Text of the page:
In 2011, the Australian burden of disease study demonstrated that tobacco was the largest risk factor that contributed to the burden of cancer. Tobacco use is attributed to 11 different types of cancer. Almost ¼ of the total cancer burden is attributed to tobacco use. In 2011, tobacco use killed almost 19,000 people in Australia and was responsible for nine per cent of the total burden of disease and injury, making it the most burdensome risk factor. The 2014-15 National Aboriginal and Torres Strait Islander Social Survey showed that the proportion of Indigenous people aged 15 and over who were daily smokers was just shy of 39 per cent. While this is significantly down from the 48.6 per cent who identified as daily smokers in 2002, it still remains an unacceptable statistic. In 2016, those living in remote or very remote communities were approximately twice as likely to report being daily smokers compared to those living in major cities. Daily smoking rates among those living in regional areas was also 40 to 70 per cent higher compared to those living in major cities over the same period. In fact, in 2016, it was estimated that lung cancer will be the leading cause of death for both females and males. It's for these reasons that it's crucial that the government continue its stance to minimise and, where it can, avoid preventable death and disability in Australia.
Quitting smoking, as we know, is one of the most positive actions that anyone can take for themselves and for their family's health. Tobacco smoking continues to be the leading because of preventable death and disability. In 2017 alone, there were 19,000 deaths—I think I've used that 19,000 three times now; it is a very important statistic.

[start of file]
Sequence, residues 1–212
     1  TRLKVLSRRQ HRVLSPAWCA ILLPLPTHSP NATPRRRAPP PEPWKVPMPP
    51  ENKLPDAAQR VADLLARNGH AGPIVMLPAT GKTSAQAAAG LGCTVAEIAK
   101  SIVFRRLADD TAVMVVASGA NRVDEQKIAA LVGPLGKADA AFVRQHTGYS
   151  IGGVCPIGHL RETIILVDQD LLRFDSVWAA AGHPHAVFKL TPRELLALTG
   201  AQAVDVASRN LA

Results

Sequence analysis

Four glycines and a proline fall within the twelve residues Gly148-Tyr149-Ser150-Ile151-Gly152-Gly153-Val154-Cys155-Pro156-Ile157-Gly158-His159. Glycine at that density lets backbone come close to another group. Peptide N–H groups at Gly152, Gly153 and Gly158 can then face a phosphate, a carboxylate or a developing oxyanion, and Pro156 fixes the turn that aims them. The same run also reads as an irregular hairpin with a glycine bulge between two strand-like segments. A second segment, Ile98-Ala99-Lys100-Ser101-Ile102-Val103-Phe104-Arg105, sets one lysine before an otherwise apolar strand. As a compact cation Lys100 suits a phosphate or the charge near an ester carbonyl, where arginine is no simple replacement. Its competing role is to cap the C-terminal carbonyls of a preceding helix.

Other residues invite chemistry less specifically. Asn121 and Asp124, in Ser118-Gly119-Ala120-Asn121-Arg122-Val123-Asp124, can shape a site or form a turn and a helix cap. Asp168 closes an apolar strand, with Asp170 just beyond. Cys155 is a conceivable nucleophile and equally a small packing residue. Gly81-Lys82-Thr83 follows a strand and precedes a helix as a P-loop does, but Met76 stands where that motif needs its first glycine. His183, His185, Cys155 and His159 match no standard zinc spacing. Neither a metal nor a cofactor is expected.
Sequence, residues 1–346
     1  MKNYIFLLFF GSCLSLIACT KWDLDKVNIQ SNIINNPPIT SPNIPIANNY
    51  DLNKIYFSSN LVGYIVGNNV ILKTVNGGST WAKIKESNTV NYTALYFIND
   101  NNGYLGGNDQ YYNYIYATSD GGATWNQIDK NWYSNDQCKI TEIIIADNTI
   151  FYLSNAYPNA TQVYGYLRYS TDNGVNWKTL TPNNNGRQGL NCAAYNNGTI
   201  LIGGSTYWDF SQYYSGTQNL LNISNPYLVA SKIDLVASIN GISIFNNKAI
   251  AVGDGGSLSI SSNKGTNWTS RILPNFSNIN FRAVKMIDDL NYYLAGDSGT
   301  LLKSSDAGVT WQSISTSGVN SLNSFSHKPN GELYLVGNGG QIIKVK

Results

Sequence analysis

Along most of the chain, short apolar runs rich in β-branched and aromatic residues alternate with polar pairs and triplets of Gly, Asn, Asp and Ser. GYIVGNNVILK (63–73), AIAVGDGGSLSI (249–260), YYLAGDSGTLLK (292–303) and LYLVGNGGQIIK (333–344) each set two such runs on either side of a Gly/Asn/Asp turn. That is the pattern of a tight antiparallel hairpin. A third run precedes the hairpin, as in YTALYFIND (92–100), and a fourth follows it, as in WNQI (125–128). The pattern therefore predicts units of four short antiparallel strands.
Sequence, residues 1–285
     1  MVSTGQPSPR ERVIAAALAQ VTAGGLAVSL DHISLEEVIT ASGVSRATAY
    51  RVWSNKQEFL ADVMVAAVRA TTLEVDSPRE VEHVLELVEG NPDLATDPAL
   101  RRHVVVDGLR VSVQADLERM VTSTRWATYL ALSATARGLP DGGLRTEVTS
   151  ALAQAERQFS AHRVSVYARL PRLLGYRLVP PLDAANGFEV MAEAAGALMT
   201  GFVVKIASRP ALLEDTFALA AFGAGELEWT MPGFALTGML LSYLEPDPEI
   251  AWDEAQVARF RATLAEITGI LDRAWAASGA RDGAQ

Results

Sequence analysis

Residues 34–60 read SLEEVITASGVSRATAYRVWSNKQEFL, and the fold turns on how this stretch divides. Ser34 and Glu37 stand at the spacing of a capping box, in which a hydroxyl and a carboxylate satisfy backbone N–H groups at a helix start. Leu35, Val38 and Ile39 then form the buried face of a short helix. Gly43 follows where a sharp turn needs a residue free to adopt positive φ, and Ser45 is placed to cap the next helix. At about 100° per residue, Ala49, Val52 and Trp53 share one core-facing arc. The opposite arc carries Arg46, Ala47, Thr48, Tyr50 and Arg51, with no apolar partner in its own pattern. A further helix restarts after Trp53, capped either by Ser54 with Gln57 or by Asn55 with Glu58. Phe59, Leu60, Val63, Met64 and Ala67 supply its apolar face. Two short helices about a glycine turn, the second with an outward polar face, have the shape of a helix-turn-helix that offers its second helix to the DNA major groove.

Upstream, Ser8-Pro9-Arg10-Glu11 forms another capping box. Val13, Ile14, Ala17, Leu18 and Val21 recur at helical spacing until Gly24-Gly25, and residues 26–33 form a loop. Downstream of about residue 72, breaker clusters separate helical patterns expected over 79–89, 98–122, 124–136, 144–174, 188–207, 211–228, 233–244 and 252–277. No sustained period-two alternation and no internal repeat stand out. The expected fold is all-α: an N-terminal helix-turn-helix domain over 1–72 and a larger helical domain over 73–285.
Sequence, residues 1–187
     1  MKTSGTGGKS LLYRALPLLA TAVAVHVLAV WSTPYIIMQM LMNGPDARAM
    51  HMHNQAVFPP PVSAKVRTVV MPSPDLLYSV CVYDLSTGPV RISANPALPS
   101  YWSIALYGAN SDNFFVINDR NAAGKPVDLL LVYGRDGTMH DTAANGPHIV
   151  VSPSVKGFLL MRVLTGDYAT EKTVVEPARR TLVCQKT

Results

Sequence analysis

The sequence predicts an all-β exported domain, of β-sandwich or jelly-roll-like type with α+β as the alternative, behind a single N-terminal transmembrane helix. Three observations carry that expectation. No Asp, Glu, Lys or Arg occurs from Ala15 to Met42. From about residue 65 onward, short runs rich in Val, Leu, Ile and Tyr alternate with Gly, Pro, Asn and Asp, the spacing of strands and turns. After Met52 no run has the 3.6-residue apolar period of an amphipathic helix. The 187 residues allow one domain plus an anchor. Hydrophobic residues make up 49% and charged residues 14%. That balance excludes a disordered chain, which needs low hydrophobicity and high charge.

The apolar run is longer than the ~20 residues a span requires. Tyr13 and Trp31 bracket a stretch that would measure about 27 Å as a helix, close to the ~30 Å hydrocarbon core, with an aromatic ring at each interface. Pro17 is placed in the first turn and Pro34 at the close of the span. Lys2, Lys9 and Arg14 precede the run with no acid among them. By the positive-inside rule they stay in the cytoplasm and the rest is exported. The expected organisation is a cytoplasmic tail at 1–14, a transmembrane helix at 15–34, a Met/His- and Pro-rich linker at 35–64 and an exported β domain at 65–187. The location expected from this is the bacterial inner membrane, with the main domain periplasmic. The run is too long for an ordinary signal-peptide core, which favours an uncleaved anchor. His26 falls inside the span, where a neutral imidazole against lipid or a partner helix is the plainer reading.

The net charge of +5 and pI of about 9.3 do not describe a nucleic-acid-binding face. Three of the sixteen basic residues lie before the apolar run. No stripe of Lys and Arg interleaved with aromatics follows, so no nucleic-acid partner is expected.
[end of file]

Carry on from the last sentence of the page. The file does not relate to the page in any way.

The Morrison coalition government continues to sustain world-leading antismoking initiatives. We do not have a one-method approach; we embrace a suite of methods to minimise preventable illness in Australia as a result of smoking, and one of those methods is plain packaging. There are others: those health warnings and the numerous health marketing campaigns.
This particular amendment is an extension and a continuation of our good work in that health sector. It's important to note that the amendment that's before us tonight and the continuation of the plain-packaging laws under this government are not the only means of ensuring that we minimise and avoid preventable illness in Australia. They are only one part of the suite of products.
Health awareness and cognisance campaigns, such as the recent Don't Make Smokes Your Story campaign have contributed significantly to reducing the smoking rates over the last few years. Other coalition government awareness campaigns, which have been reported to be extremely successful, include the Quit For You, Quit For Two campaign. This campaign targeted pregnant women and those planning to have children and their partners. The campaign provided information about the health harms associated with smoking during pregnancy and the support available to women on their journey to quit smoking.